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Title: Trauung als Brennpunkt und Prozess
Author(s): FOPP, Simone
Journal: Marriage, Families & Spirituality
Volume: 15    Issue: 1   Date: 2009   
Pages: 51-60
DOI: 10.2143/INT.15.1.2042598

Abstract :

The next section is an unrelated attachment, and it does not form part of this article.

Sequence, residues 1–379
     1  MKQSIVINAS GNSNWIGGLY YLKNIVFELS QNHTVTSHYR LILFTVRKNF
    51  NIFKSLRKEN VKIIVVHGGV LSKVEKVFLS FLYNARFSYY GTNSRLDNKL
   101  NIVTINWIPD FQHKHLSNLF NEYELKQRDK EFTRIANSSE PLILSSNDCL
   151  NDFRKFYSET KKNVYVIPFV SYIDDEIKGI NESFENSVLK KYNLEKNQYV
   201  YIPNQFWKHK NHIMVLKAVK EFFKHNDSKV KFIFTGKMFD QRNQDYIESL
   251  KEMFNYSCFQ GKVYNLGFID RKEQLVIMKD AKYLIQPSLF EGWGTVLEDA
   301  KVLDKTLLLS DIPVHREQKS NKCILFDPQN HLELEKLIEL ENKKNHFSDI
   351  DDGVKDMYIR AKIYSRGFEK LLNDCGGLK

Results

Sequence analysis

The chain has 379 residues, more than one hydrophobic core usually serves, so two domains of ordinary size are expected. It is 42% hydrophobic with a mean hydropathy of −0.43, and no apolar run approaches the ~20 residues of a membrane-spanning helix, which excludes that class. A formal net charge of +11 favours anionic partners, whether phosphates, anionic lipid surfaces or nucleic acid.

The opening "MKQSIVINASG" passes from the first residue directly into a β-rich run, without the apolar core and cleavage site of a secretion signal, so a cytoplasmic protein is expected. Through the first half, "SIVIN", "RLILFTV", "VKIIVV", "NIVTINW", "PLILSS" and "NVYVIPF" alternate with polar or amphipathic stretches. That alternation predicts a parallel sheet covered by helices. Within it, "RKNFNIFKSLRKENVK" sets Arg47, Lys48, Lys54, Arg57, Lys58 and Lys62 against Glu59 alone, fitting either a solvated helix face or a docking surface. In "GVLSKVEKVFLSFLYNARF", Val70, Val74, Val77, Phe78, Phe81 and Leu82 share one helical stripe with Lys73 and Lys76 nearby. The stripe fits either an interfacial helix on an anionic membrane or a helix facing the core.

The article presents the main results of the author’s theological dissertation of 2007 which developed a 'grounded theory' with regard to the wedding celebration in the Reformed Church of Switzerland, based on interviews with couples before and after their wedding day and with ministers. Three main elements served to create the interpretative framework for the analysis of the interviews: recent ritual theories (C. Bell, V. Turner); a theological concept of 'blessing' as a room that opens new possibilities and capacities for action and an understanding that lead out of fixed roles towards shared power; a feminist reading of the history of marriage. The article highlights the following four major insights into how couples experience their weddings: 1. The wedding is recognized as a highly ambivalent event. The description as a rite de confirmation misses the tensions which are typically perceived: the tensions between the «yes’s» and «no’s» for the marriage and wedding ceremony; between the fact that nothing really important changes through the wedding and that the wedding changes the story of the couple; between the 'communitas'-emotions and the possibilities to recognize differences etc. 2. Weddings do not have only one meaning for couples but different meanings arise in the process of marriage. Most wedding stories are told with a happy ending. But the interviews also show the stories of conflicts and troubles hidden in weddingstories or only told as a joke. These narratives can also change the 'big stories' about weddings in society. 3. Family planning – whether or not a child is already born, the bride is pregnant, the couple decides not to have children etc. – plays a central role in the timing. Nevertheless during the wedding services the subject is latent or mentioned only as a private matter. Although rational arguments such as legal security are often at the foundation of getting married, these arguments also stay latent. The 'love-semantic' dominates the 'family-semantic' during the wedding ceremonies. Gender questions increase around the issue of family planning. The couples’ roles are established in the time of family foundation and conflicts appear in the first years of marriage. 4. Couples want to be blessed at the wedding service but what they talk about is the promise. The promise is the most important moment of the wedding day. One can describe marriages as stations of promise which means negotiating what the promise means and what it does not, what is not within human power and what is and can therefore be changed.

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